THE BLOG
11/28/2012 07:37 pm ET | Updated Jan 28, 2013

Pushing for Global Campuses á la US-China

There is a video tucked away on YouTube where Michelle Obama addresses students at Howard University about the importance of studying abroad as part of the "100,000 Strong Initiative." The initiative supports American students who want to study abroad in China and is backed by both the U.S. and Chinese governments.

In the speech the First Lady encouraged young people to go East.

"Through the miracles of modern technology our world is now increasingly international..." Mrs. Obama told the students. "And as a consequence studying abroad isn't just an important part of a well-rounded educational experience, it's also becoming increasingly important for success in the modern global economy."

Little surprise that the 100,000 Strong Initiative has yet to pick up steam. Although the number is on the rise, only one-third of Americans have a passport. True that America is a supersize-sized country, but the world is becoming increasingly flat. Being bi-lingual, especially in Spanish or Chinese, and having international work experience is worth gold. That is the reason why most college kids in the Asia-Pacific region would pay high prices to have the chance to go West.

The Chinese kids on this side of the continent get it, including my own students. Long before graduation, many say they are committed to continuing their studies in the U.S. and would give anything for a chance to study abroad in the West.

They will always feel an allegiance for their homeland. Hong Kong is their base of family, friends and familiarity. They prefer fried rice over hamburgers and fries, and K-pop and Cantopop over the MTV fare. But they also understand the immense value in gaining an educational and cultural experience from other countries, namely the U.S.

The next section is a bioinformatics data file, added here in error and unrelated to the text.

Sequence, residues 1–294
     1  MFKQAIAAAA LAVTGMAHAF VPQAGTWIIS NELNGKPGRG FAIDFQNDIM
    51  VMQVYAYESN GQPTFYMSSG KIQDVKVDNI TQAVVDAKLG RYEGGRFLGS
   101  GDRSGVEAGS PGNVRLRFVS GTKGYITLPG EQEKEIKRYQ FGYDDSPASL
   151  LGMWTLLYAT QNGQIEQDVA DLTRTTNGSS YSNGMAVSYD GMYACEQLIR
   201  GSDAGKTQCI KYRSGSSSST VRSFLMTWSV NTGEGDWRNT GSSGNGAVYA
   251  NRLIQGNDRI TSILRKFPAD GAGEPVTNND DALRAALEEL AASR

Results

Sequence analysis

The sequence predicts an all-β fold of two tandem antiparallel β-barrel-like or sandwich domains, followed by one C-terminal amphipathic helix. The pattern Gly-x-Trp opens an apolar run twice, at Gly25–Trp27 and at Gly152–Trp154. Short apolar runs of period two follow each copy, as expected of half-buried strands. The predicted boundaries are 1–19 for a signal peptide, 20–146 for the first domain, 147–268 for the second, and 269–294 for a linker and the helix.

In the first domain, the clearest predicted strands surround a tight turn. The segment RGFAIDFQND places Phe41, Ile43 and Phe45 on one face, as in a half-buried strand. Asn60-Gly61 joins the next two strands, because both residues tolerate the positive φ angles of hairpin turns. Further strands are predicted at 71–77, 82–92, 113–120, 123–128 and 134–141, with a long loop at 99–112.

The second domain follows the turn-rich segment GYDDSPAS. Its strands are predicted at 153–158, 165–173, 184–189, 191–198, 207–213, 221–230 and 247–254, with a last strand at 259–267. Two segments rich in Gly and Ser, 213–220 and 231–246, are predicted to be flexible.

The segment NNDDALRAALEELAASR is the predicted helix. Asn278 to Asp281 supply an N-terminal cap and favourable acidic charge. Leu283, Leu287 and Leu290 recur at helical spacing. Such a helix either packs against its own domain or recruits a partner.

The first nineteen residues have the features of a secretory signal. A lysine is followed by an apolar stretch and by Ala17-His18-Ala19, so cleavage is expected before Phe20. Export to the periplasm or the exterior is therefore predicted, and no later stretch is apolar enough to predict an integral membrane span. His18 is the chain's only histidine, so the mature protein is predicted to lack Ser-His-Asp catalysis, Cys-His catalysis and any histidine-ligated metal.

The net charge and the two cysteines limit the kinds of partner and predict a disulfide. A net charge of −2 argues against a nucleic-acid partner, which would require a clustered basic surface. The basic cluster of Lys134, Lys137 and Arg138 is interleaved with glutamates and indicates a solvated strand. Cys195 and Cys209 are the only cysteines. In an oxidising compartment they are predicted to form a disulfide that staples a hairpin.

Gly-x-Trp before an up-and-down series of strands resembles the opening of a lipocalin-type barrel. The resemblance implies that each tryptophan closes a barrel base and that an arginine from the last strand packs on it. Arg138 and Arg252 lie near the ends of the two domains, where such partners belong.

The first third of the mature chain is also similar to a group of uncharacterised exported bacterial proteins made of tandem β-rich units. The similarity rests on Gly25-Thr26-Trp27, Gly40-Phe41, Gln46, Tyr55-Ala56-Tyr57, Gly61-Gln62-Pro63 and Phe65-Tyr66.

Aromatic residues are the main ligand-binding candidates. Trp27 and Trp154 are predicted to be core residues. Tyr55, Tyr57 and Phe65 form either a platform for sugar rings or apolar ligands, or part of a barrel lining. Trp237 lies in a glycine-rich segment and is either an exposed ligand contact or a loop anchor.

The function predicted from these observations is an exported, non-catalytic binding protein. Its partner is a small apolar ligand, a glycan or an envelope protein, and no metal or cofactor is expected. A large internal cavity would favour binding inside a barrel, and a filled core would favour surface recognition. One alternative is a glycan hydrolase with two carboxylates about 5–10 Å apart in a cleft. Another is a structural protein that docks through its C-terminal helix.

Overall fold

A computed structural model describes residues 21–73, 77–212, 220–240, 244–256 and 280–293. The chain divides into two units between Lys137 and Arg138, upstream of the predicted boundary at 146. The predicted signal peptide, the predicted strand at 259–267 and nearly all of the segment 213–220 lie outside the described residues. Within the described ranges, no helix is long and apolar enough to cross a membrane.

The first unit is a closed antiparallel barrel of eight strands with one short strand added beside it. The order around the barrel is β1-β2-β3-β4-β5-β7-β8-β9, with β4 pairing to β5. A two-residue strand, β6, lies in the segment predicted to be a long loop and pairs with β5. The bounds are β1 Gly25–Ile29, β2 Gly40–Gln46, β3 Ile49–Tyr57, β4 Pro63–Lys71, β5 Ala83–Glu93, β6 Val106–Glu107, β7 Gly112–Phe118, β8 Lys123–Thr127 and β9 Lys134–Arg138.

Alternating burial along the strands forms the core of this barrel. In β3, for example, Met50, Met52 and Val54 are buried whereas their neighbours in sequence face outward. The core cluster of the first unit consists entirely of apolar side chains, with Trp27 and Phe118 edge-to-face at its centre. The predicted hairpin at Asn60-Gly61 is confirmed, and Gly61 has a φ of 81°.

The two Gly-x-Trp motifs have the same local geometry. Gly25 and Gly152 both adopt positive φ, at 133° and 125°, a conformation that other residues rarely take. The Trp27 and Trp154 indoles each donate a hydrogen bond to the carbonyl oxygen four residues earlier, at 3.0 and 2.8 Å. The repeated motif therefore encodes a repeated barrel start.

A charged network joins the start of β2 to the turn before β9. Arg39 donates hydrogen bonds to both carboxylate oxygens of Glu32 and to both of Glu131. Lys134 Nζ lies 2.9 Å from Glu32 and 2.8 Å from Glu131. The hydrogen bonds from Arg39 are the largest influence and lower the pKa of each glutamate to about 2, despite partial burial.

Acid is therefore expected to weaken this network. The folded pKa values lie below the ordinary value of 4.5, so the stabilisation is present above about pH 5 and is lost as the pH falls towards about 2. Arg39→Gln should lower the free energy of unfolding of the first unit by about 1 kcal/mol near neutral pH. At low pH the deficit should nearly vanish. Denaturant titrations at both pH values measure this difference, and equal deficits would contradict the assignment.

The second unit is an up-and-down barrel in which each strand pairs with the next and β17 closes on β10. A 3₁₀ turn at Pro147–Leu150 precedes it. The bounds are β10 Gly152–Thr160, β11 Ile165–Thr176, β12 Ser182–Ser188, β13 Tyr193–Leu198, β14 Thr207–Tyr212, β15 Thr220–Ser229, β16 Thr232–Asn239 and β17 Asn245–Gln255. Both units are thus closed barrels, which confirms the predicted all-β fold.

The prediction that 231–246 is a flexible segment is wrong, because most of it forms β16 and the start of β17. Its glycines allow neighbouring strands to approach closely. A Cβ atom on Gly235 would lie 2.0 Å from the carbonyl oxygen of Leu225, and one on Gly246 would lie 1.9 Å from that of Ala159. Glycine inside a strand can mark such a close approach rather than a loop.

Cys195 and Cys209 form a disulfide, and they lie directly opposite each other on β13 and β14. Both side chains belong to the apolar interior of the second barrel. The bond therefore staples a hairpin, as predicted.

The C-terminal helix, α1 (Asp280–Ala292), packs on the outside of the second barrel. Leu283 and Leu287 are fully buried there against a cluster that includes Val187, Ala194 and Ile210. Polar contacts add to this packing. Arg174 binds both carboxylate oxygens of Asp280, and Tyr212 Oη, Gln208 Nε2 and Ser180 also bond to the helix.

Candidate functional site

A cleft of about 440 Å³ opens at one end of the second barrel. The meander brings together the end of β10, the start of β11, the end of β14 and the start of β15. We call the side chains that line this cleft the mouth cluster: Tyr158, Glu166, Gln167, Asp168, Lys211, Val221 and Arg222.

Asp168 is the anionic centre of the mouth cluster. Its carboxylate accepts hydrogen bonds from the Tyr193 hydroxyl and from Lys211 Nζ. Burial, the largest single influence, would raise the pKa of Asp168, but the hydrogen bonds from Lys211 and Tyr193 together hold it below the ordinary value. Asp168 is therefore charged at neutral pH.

After a recent visit to several college campuses in the U.S., these kids decided that they were going to study abroad. Forget about short trips and exchanges, they wanted to go the distance.

The same is not necessarily true when it comes to their counterparts in the U.S. A friend who is a veteran university administrator said that there was a decline of undergraduates interested in studying abroad in China. Some places do get it. For example, Hunter College as part of the City University of New York, launched a Chinese Language Flagship program where undergraduates gain fluency in Chinese and even have an internship in China. These kids will be ahead of the curve.

The University of Maryland, which has a Chinese American president Wallace Loh, has pushed the "100,000 Strong Initiative," and started an office just to build educational opportunities and exchange with China.

Here in Hong Kong most universities already push their students abroad by heavily subsidizing semesters abroad with prestigious universities including Yale and Harvard. Smaller liberal arts universities such as my own are actively looking to expand the exchange opportunities and footprint.

The Obama administration should continue to fuel and fund the "100,000 Strong Initiative," and keep driving the message home of the importance of sampling studying in China to American college kids. Specifically get a passport. Take out the passport and put it to use. Only then can the knowledge exchange for this younger generation be strengthened to the advantage of Americans.